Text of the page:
Originally posted by whodey
I could care less if his mother nursed Rush Limbaugh as an infant.
Anyhew, he sounds Progressive to me. The Constitution now means nothing since we have cell phones, whatever that means.
That aside, is it safe to say we both have nothing but disdain for this mental midget?
It is a frightening thing knowing who is running the country.
Posner was and is quite critical of the type of "originalism" championed by Scalia and Thomas, but ideologically he would best be described as moderately conservative - he's a laissez faire type on economics but somewhat socially liberal.
This review of a Scalia book gives an example why Scalia "originalism" can yield perverse results contrary to the intent of an author:
Does an ordinance that says that “no person may bring a vehicle into the park” apply to an ambulance that enters the park to save a person’s life? For Scalia and Garner, the answer is yes. After all, an ambulance is a vehicle—any dictionary will tell you that. If the authors of the ordinance wanted to make an exception for ambulances, they should have said so. And perverse results are a small price to pay for the objectivity that textual originalism offers (new dictionaries for new texts, old dictionaries for old ones).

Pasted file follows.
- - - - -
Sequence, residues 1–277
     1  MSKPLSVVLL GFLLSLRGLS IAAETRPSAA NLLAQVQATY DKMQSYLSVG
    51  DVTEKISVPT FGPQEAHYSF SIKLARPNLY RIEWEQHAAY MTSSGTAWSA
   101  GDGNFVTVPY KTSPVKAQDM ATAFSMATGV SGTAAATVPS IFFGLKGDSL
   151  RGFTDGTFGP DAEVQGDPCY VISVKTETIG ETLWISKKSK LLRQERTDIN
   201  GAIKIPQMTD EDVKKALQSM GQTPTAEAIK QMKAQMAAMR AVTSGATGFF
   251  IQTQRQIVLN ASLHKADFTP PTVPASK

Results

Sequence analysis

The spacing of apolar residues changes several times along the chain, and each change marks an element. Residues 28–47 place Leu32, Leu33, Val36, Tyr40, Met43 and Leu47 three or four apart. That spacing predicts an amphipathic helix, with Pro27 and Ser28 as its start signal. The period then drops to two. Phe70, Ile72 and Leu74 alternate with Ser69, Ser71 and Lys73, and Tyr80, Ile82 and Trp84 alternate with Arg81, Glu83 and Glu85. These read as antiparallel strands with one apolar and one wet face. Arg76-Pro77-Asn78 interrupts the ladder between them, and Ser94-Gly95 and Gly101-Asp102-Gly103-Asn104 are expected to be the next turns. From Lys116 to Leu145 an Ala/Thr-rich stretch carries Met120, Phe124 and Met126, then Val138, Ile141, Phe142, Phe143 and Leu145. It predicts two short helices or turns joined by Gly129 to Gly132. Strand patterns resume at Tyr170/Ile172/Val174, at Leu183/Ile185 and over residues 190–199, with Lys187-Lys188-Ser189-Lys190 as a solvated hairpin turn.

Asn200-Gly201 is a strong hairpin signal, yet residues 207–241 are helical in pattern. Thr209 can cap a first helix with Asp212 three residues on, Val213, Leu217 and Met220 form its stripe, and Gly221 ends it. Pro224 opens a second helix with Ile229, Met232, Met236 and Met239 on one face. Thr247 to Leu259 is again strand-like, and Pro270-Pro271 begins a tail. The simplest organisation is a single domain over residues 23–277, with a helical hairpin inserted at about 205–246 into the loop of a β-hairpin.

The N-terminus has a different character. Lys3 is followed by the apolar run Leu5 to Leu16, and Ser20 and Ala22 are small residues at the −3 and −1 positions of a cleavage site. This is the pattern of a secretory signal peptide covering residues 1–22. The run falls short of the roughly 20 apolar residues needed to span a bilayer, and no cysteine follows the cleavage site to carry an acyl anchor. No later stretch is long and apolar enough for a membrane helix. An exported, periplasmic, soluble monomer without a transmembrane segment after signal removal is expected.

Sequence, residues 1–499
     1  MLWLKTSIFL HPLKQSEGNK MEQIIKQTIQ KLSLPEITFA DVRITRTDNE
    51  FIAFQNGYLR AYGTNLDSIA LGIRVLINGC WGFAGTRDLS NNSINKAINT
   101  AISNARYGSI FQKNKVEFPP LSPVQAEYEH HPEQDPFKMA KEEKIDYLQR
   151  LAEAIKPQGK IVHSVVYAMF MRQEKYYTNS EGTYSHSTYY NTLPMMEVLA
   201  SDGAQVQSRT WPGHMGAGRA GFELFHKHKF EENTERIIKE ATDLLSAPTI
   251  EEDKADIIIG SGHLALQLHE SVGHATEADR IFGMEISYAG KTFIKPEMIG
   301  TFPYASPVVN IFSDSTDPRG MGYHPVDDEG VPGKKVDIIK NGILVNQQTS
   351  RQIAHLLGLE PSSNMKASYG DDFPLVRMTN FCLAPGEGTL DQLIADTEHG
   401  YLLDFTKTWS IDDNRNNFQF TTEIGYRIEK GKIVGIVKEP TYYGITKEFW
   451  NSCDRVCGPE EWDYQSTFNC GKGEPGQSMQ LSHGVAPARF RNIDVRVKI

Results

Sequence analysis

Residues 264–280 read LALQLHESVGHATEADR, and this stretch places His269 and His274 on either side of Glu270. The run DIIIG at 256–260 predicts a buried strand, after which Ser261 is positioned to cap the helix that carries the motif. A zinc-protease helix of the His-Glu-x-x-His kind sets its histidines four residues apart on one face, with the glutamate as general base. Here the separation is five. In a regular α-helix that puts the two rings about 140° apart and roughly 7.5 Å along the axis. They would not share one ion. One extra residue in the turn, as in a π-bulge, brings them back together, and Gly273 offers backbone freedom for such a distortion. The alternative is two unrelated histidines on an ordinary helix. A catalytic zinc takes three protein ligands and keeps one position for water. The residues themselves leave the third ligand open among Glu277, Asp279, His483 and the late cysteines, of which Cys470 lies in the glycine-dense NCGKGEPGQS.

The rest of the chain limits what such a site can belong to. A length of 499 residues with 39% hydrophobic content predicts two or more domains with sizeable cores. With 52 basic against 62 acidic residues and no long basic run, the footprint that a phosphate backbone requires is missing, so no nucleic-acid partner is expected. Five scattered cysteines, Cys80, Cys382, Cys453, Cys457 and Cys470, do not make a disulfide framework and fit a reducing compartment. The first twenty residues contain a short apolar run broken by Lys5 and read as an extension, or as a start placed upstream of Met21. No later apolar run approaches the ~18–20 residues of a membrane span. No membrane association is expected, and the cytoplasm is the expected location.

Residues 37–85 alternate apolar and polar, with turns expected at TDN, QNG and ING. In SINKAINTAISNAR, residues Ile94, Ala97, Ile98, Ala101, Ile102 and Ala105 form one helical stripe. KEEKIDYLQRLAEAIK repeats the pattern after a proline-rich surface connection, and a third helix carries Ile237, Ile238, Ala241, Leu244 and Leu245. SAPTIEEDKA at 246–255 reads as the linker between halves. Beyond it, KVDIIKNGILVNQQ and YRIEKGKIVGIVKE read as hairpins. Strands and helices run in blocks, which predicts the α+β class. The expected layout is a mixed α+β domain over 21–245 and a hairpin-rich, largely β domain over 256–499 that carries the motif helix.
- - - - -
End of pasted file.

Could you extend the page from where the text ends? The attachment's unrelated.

This is also an interesting observation:
A legislature is thwarted when a judge refuses to apply its handiwork to an unforeseen situation that is encompassed by the statute’s aim but is not a good fit with its text. Ignoring the limitations of foresight, and also the fact that a statute is a collective product that often leaves many questions of interpretation to be answered by the courts because the legislators cannot agree on the answers, the textual originalist demands that the legislature think through myriad hypothetical scenarios and provide for all of them explicitly rather than rely on courts to be sensible. In this way, textualism hobbles legislation—and thereby tilts toward “small government” and away from “big government,” which in modern America is a conservative preference.
The entire article is a good read for those interested in the issue of "originalism" v. "original intent". Of course, my position is quite different from Posner's but his criticisms of "originalism" are quite good.